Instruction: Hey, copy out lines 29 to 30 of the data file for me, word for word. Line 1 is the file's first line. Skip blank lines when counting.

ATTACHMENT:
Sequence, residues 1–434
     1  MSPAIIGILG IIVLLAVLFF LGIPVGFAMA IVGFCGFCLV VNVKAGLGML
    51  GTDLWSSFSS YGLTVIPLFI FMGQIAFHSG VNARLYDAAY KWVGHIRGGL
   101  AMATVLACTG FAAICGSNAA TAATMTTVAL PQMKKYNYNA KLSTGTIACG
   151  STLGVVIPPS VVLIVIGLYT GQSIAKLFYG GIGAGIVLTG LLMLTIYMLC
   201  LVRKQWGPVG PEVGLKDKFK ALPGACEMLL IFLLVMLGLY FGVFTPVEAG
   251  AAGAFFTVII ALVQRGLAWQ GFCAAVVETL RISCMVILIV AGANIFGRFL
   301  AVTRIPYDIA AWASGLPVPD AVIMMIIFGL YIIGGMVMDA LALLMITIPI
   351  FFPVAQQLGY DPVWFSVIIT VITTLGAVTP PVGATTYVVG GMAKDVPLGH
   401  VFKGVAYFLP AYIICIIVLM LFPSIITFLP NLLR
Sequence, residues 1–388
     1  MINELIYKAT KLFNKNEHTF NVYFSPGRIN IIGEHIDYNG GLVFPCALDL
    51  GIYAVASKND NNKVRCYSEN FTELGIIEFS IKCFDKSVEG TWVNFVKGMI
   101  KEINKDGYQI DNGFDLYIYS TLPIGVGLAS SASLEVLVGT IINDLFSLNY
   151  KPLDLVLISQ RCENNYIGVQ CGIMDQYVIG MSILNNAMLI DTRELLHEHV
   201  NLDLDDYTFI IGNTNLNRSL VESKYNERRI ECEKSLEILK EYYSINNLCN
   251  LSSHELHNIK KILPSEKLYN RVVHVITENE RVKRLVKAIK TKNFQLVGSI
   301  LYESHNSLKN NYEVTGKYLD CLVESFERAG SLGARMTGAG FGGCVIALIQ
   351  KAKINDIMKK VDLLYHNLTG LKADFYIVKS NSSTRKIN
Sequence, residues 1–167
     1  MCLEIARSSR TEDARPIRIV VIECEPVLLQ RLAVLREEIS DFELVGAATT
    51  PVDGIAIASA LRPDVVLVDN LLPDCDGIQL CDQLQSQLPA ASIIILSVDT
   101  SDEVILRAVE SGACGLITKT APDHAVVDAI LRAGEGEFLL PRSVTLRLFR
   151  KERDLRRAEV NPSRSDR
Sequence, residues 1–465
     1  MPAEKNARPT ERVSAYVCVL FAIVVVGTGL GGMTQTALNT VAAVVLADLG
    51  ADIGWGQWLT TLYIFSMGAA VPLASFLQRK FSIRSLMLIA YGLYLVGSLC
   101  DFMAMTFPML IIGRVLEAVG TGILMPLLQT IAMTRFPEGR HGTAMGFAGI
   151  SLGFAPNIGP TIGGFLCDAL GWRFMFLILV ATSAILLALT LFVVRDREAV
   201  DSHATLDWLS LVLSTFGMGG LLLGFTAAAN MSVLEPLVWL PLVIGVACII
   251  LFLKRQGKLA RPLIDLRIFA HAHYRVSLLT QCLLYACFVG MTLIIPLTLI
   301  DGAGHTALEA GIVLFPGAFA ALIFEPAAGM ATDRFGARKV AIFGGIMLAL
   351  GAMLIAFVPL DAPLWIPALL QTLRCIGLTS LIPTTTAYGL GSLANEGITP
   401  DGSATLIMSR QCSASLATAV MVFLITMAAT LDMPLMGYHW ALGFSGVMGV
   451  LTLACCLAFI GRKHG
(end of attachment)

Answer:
   151  SLGFAPNIGP TIGGFLCDAL GWRFMFLILV ATSAILLALT LFVVRDREAV
   201  DSHATLDWLS LVLSTFGMGG LLLGFTAAAN MSVLEPLVWL PLVIGVACII